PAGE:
Inspired by modern technology and Sci-Fi and driven by a ‘passion for surrealism and obscure, alternative worlds’ , London-based designer Nange Magro created the ‘Mechapolypse‘. The futuristic ‘electronic couture‘ creation includes a cap with an EEG chip, detecting the electrical activity of the wearer’s brain. The designer states that when the outfit changes depending on the level of concentration, which I presume means that levels of alpha waves (associated with relaxation) are being measured. Changes in activation lead to the dress’s spine lighting up and the skirt opening up, rather like an insect’s wings, to reveal a transparent latex skirt. With a bit of practice, the wearer should be able to control the dress (and perhaps avoiding revealing themselves at the wrong time!).
On her website Nange describes her fascination with the concept of garments that are ‘technological sculptures’, “Which move and are in synthesis with the person who is wearing them represents both her ideal future and passion. A garment should represent an extension of the body and brain, and not merely be a mask that aims to divide or mediate the connection between a person and the surrounding world. Clothing should be something more than skin. It should be something that we can choose to describe ourselves in our own personal way; controlling it, means a lot more than we usually think. Being conscious of our body and its surrounding environment is one of the most important issues today.”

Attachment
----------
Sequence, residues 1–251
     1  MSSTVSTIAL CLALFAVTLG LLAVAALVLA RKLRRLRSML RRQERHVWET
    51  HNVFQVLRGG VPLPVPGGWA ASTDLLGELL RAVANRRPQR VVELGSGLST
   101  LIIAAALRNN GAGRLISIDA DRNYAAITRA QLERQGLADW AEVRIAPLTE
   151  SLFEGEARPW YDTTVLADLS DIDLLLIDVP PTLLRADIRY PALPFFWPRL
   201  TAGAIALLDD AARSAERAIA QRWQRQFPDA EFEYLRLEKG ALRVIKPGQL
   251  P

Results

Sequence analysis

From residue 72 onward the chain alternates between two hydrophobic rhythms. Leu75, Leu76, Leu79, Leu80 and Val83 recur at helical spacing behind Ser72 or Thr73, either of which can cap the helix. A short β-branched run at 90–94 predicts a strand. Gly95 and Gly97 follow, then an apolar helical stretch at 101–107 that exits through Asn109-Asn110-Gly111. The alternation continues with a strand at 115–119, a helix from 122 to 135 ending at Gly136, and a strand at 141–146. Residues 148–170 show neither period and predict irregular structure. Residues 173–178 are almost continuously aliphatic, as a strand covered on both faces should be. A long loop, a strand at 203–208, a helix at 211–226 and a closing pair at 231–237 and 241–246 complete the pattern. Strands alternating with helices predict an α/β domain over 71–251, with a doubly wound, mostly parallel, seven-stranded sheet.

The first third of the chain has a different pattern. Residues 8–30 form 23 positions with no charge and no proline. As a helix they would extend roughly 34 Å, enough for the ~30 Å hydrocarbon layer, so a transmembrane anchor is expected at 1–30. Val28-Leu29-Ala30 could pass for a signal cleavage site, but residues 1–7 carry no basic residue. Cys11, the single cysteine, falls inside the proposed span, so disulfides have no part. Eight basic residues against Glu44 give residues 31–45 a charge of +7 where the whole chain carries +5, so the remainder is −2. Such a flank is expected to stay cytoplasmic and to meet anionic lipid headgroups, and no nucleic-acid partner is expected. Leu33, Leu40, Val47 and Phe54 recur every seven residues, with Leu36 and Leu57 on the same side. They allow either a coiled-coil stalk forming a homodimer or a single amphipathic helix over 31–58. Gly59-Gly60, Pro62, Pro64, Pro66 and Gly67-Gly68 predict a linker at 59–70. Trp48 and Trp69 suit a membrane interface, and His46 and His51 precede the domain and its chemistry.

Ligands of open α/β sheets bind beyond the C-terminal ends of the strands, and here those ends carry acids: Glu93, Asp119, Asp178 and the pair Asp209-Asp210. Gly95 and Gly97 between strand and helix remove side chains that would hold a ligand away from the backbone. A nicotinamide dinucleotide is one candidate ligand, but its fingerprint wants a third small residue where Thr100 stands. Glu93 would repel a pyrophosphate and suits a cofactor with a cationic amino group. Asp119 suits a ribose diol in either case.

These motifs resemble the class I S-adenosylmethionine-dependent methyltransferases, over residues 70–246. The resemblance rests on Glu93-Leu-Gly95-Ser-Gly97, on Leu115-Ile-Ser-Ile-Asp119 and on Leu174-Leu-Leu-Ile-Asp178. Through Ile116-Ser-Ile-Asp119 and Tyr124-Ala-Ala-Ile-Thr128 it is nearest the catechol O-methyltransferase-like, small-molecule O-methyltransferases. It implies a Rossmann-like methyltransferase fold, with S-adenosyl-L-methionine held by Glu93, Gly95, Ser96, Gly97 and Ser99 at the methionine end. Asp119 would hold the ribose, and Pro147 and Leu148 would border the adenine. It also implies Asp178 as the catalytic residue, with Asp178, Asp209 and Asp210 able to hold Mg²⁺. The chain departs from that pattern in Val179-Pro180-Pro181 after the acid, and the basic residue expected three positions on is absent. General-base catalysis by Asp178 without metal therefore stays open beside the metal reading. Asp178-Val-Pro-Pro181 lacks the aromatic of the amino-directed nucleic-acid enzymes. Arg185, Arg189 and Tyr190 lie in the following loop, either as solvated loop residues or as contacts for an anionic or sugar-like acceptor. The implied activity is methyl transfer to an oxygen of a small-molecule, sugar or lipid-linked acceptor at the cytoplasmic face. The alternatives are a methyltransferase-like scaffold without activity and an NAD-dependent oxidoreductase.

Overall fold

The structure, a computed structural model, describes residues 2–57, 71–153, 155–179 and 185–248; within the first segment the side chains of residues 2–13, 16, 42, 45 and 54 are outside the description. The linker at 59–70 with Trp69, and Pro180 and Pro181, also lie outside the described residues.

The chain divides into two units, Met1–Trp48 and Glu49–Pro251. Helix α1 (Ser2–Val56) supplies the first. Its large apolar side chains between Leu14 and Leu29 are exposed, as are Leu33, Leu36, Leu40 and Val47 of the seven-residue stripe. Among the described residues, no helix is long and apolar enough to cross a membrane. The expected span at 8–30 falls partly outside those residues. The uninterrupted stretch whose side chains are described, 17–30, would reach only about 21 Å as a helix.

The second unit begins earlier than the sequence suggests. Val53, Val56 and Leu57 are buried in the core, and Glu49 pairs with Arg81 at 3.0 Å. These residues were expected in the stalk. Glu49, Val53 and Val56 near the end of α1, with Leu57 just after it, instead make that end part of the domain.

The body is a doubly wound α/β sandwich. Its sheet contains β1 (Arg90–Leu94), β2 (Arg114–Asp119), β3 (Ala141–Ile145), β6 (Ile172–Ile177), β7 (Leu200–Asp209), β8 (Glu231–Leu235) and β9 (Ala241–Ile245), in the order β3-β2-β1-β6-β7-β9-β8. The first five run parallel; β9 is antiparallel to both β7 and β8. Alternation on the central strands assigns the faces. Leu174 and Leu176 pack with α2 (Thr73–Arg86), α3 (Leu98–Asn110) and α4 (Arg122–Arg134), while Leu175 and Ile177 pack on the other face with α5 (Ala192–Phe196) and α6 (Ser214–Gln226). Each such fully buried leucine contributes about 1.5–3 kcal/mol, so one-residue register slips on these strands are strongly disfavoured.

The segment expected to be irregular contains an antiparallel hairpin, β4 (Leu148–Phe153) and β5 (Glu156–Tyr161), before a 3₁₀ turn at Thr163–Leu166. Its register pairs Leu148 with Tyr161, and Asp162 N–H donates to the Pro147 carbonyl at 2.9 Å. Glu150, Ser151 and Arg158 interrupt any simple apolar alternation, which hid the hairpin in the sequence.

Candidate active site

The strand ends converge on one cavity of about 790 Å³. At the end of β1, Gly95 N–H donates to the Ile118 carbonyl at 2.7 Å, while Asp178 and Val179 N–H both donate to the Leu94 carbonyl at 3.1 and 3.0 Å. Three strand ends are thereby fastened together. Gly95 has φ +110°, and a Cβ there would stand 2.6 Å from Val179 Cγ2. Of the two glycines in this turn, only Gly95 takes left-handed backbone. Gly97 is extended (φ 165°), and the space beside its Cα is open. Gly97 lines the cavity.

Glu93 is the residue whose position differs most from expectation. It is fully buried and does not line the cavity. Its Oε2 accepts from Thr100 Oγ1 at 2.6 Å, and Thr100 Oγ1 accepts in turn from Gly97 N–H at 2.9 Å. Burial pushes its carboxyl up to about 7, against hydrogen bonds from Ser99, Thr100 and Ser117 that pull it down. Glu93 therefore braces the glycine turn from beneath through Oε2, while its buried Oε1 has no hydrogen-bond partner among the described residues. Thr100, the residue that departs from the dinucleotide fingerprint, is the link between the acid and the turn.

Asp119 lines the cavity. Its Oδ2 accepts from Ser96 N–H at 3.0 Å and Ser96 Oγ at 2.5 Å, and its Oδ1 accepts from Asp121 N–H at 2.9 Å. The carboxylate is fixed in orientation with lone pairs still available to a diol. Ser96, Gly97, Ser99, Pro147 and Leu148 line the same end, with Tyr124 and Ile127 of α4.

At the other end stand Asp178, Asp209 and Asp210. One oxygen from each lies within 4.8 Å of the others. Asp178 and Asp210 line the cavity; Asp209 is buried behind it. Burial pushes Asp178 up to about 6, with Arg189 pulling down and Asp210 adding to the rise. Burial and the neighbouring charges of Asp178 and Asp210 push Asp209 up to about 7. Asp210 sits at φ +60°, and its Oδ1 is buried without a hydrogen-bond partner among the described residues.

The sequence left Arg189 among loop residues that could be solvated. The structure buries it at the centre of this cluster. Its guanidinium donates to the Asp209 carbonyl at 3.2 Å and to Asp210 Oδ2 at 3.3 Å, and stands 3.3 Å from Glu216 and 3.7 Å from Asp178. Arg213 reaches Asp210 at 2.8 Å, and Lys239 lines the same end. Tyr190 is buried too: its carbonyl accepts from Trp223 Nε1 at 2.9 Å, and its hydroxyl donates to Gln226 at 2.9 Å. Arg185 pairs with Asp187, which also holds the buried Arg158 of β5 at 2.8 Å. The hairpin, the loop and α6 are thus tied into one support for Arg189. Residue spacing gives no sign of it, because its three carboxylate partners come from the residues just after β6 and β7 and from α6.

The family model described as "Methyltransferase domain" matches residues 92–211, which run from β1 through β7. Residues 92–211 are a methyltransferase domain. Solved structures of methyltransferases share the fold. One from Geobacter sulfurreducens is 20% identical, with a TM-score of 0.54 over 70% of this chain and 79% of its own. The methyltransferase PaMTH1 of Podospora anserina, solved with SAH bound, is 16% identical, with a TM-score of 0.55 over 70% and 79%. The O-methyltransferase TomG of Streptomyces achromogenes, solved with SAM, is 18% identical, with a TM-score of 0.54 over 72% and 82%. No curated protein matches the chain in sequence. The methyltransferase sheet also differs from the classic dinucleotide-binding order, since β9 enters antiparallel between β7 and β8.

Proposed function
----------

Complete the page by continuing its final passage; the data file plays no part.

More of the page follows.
So what’s next, underwear that disintegrates with high levels of arousal? A shirt that shocks you if you start nodding off at work? I love the Giger-esque spiked helmet and spine but I’m not sure how I feel about my dress opening and closing according to my brain-waves. I applaud the unusual hybrid of science and fashion but I think this style may just not be practical for everyday wear (and also rather open to abuse!).